Expect and Embrace the Challenges of Working Abroad
Working abroad is becoming popular these days for various reasons. Besides the more obvious benefits—cultural exploration, broadened network, new perspectives to the same job/industry, etc.—before you decide to pack up and move make sure you are also as aware of and prepared for the challenges. Often times these challenges give you the exact opportunities to grow and flourish.
Not being able to fully express yourself and understand others could be frustrating, let alone learning a new language. Living and working in an environment with language barrier requires patience and problem solving skills. One of the best solutions is to stay confident and curious and to push yourself out there to interact with locals. Don’t be afraid to ask questions, and don't be too proud to ask people to speak slower and clearer if situation allows.
It’s not uncommon to see expats with a tendency to stick with their own people who speak the same language. The potential disadvantage is that you won’t get to spend much time with locals, which leads you to grow further apart from their way of living. And you will be struggling to adjust to it.
We are wired to create and stick to certain habits—from body language and dining manners to lifestyle and social/workplace interactions. Living abroad could significantly shakens your old habits and routines (both mental and physical) that you feel most comfortable with.
For better or worse, change is never easy. Your first step is to accept that this is not home: your “should-be’s” are different from their “should-be’s” and it’s not always either right or wrong. It’s just different. Maintaining this open-mind is the key to staying sane and happy when you first move to a place where nothing seems “right”. In one culture it’s acceptable customarily kiss a business associate on both cheeks in greeting instead of shaking hands, in another culture it just isn’t.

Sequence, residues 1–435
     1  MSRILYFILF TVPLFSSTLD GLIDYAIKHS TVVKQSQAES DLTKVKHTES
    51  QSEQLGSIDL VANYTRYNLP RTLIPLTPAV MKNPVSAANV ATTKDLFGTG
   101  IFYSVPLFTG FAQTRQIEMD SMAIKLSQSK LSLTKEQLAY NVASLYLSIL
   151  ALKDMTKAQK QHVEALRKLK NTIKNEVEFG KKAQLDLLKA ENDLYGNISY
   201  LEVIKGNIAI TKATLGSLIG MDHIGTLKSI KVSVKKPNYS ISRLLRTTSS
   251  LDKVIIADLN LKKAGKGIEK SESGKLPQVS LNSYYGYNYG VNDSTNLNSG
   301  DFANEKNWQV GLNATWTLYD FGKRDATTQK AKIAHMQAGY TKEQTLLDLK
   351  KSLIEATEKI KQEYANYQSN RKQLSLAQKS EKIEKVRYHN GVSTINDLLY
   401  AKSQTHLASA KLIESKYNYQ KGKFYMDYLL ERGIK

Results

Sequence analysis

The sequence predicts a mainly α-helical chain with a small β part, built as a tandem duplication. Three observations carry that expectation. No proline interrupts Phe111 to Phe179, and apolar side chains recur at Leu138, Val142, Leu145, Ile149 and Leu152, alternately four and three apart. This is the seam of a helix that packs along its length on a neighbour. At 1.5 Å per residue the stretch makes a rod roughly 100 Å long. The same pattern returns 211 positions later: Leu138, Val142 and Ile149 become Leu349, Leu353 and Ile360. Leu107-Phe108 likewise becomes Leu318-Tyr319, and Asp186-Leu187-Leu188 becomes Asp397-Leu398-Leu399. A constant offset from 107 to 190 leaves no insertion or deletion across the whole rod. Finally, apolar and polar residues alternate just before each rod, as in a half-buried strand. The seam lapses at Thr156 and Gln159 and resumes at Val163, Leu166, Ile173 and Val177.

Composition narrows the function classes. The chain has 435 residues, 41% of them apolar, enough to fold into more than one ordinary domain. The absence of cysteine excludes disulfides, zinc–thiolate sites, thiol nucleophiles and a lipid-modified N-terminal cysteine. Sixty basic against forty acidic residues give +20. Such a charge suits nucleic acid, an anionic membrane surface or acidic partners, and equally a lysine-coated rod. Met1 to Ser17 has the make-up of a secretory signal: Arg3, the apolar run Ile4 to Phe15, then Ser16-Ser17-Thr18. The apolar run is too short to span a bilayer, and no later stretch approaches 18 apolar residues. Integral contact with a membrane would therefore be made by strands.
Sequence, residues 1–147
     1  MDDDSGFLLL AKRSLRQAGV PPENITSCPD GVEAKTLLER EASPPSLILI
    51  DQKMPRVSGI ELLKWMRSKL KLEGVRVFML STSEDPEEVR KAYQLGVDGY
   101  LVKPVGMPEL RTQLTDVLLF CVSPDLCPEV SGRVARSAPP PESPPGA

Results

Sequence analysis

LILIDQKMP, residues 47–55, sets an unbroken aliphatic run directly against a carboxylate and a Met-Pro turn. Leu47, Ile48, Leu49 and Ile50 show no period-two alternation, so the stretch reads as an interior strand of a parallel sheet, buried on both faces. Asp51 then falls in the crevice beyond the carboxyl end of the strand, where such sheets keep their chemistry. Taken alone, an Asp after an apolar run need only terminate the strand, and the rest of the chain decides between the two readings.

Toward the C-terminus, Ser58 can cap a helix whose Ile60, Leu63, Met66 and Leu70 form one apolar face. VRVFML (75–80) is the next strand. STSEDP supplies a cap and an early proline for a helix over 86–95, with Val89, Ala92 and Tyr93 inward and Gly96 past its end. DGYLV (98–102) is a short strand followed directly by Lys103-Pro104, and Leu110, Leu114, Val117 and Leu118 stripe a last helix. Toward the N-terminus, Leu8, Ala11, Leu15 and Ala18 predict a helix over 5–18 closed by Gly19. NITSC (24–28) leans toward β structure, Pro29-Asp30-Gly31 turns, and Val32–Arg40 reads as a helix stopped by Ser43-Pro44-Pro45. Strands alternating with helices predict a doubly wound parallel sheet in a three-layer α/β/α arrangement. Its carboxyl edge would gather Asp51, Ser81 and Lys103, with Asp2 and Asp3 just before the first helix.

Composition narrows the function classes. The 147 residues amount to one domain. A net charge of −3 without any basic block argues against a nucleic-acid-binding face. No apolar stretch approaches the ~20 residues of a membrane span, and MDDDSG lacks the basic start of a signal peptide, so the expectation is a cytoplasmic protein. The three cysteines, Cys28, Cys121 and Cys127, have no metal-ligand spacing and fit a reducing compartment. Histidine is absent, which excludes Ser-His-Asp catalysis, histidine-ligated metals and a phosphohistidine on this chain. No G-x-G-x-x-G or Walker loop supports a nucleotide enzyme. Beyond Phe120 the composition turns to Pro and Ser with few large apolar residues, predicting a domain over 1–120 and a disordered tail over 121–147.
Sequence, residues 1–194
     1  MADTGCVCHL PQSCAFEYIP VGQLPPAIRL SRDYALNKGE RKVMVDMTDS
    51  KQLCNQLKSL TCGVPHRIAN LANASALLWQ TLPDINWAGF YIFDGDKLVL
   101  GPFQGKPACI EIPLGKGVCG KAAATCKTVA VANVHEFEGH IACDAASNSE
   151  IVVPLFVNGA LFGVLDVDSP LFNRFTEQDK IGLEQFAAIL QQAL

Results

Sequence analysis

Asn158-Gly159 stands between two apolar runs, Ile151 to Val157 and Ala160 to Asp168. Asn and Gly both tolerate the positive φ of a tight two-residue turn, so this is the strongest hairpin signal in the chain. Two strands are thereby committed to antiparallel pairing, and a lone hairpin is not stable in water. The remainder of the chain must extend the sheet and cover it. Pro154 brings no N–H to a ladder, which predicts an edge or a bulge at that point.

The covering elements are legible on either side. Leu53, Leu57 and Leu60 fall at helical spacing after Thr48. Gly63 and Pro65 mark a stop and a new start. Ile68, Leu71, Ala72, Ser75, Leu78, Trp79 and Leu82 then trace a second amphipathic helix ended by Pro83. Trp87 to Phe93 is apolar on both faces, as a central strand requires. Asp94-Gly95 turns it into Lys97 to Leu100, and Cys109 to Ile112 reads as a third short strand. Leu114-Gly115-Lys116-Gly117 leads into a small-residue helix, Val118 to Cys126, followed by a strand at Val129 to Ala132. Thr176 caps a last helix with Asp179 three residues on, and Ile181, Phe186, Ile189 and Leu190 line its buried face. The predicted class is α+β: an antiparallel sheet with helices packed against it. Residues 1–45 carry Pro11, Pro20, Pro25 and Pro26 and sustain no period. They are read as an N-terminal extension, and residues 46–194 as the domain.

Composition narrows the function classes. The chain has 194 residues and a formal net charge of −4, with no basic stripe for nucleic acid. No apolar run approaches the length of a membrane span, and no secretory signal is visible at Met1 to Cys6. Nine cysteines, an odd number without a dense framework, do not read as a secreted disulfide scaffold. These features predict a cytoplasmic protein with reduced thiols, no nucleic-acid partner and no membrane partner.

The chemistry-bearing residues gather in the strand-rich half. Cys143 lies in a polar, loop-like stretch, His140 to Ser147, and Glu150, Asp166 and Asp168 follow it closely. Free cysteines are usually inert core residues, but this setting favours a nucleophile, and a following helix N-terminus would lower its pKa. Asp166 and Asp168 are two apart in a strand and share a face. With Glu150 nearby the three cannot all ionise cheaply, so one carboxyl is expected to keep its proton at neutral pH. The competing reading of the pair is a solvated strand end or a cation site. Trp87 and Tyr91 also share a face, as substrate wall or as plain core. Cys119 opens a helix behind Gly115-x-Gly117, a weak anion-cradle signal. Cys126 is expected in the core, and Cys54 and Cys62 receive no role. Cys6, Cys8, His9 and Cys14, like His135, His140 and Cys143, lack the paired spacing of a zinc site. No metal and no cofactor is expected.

Even for a seemingly identical role in an organization, you may still encounter new and different approaches to the same tasks. When you first enter a new market, some practices might seem counter-intuitive but it’s your responsibility to rationalize it first and perhaps think about improving it in the long run. Trying to just change and “improve” things when you’re fresh off the boat might frustrate yourself and people who work with you (UNLESS this is the main objective of your role).
Business practices is closely tied with culture, economy and some other factors. This part of your new chapter will require more research and time (and sometimes failure) before you get a really good grasp of workplace dynamics and customs. It’s important to stay alert, observant, and self-aware—observe how your colleagues handle things at workplace, adopt their approaches (and refine them into ones that work for you/your role), and ask for feedbacks to identify remaining gaps.
No matter how much you have mentally prepared yourself, there will always be unforeseen challenges that could frustrate you especially when they all happen at the same time. It takes a lot of introspection, resilience, and the courage to seek help/resources to smoothen your transition. And this learning process alone can be one of the most rewarding experiences you will have.